* (Ah, the bad old days, before I had on-line shopping and when catalogs arrived in Alaska, at best a couple of weeks after they arrived anywhere else so that when I ordered something it was seldom still available.) I would contact the merchant, who would send another, which would also never arrive. There was only one other person in the building who was my size, and as it happened the mail boxes were in her porch. You should have seen the eye I kept on her wardrobe! But, she never wore any of the clothes I'd ordered.

** There is nothing beyond 975 but a dirt road along the Silverbow Basin itself, with a bridge or two, leading to a mining museum with some very interesting old equipment. And, it goes without saying, a lot of trees. And porcupines. And marmots. And birds of all kinds. And bears. But, no numbered lots. This is the spot where Google maps thinks my apartment is. (Click to enlarge.)

*** This he did for his 18 year-old son, which I know because the son's best friend -- let's just say Scott is a friend of mine. Explaining how he is a friend of mine would take an entire post of its own and probably not interest anyone who doesn't know us both. Anyway, Scott remembers when he and David did the work on that door and staircase. And David, who I've met because of Scott, remembers that when he lived here, there was no kitchen sink. He was supposed to carry the dishes upstairs and do them in the bathtub, but being an 18-year old man, he ate off paper plates or out of take out cartons or in restaurants, instead. Actually, I know four people who have lived in this apartment, and can follow the steps of its completion by the stories they tell. Perhaps the day will come when I tell someone that when I lived here I kept things in the kitchen and bath in baskets because there were no drawers.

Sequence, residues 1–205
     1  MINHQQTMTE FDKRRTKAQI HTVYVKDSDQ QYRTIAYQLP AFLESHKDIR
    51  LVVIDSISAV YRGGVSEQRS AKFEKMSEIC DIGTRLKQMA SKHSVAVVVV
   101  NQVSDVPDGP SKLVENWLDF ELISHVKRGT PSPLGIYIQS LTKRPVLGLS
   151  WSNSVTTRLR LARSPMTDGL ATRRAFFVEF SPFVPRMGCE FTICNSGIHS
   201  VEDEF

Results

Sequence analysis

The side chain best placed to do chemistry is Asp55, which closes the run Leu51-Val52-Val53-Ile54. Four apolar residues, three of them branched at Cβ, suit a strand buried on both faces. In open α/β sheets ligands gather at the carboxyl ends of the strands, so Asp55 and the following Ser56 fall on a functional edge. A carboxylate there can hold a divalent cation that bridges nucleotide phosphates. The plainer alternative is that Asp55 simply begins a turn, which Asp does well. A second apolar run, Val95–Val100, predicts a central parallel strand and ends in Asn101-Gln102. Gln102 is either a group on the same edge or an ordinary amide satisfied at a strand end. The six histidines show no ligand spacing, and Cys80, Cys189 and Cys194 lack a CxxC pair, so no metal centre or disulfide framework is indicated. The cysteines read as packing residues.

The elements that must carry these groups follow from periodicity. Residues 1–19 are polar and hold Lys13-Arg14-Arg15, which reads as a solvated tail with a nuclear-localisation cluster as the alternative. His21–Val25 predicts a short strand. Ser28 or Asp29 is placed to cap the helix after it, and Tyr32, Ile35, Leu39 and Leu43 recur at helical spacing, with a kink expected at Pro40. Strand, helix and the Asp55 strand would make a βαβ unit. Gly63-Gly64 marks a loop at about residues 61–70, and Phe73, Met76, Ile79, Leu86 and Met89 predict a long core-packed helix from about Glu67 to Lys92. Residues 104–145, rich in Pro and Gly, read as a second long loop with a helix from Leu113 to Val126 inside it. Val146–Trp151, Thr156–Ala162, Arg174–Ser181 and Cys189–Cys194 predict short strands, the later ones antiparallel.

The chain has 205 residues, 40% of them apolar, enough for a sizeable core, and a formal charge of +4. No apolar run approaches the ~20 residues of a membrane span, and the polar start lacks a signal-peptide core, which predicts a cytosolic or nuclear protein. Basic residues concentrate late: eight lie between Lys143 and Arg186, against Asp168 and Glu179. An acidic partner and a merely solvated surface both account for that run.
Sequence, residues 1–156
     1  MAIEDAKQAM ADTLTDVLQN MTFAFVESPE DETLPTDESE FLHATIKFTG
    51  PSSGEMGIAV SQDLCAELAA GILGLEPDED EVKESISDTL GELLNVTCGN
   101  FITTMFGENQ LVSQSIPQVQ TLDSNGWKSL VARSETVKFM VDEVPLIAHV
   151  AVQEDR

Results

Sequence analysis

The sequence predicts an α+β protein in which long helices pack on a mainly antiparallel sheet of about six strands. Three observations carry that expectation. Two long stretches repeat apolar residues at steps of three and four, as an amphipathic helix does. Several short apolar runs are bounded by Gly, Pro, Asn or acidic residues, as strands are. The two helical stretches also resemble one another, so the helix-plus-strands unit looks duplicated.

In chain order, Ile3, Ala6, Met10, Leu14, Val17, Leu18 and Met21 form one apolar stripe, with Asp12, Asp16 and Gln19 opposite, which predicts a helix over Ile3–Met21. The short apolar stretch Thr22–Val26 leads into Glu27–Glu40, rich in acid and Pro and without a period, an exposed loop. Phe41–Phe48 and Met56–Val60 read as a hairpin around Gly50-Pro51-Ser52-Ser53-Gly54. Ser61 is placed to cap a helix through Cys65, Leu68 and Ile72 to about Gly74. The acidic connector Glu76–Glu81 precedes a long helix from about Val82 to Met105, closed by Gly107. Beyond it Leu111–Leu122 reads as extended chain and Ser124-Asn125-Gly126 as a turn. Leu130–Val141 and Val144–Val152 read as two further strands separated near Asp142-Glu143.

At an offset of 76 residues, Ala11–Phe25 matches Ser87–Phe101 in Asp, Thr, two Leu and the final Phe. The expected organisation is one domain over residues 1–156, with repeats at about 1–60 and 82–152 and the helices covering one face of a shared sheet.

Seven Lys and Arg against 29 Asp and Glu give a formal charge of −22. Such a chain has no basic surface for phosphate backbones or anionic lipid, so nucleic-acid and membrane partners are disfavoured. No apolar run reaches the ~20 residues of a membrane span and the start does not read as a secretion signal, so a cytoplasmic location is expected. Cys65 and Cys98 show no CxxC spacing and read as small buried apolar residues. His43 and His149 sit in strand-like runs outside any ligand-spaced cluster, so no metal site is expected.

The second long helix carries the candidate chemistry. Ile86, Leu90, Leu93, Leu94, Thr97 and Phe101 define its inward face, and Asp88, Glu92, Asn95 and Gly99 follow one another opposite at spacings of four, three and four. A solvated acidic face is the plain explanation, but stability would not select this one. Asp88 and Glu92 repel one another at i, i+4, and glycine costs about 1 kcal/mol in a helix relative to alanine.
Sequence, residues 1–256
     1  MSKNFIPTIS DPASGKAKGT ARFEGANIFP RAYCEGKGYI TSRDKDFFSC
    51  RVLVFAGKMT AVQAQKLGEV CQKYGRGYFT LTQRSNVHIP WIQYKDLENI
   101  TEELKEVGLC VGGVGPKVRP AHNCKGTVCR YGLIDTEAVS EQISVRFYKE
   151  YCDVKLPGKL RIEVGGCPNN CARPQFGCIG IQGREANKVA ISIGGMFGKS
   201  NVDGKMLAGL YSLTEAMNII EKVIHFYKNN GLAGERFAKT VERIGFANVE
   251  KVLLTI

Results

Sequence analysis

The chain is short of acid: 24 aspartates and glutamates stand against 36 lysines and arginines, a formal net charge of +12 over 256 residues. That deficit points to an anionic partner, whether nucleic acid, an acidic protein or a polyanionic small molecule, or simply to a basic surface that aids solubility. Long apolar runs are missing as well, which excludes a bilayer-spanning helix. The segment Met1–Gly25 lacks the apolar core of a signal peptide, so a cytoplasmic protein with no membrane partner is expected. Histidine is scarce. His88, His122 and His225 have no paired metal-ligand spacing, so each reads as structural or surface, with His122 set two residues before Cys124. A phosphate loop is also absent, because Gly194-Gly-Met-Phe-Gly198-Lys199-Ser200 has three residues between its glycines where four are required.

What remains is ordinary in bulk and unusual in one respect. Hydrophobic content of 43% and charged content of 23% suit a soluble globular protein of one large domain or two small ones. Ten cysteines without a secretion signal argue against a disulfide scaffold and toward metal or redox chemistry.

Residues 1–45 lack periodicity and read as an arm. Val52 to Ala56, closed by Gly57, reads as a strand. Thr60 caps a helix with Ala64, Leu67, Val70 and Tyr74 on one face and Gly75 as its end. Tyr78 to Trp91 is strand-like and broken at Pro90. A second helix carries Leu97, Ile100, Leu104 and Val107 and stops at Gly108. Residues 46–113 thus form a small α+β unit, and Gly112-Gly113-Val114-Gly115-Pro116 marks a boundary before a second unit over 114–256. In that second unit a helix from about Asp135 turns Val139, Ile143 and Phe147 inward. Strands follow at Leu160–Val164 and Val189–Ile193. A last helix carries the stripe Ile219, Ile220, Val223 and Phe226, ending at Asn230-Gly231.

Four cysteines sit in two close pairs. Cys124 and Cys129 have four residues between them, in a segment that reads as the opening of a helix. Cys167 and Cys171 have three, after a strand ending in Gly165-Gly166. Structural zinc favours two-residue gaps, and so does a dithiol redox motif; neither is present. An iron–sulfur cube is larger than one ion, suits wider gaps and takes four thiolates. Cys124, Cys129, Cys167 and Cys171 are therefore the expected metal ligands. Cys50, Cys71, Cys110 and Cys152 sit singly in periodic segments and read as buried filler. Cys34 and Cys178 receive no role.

**** When I moved in there was a greenhouse porch, but it was in bad shape and was torn down and a regular porch built, which sort of interferes with the view from the large picture windows and glass French doors inside of it, but what the heck. The view is so magnificent that who cares that the windows don't completely match up?

***** There is a door out onto the roof of my other room(s) which serves as a nice patio and perfect spot to watch the Independence Day fireworks. Which are done at midnight between the 3rd and 4th, so that it will be dark enough to see them.

1 comment:

Godwhacker said...

What beautiful and descriptive writing. I feel like I've just taken a tour. I guess I'm one of the ones who like it :)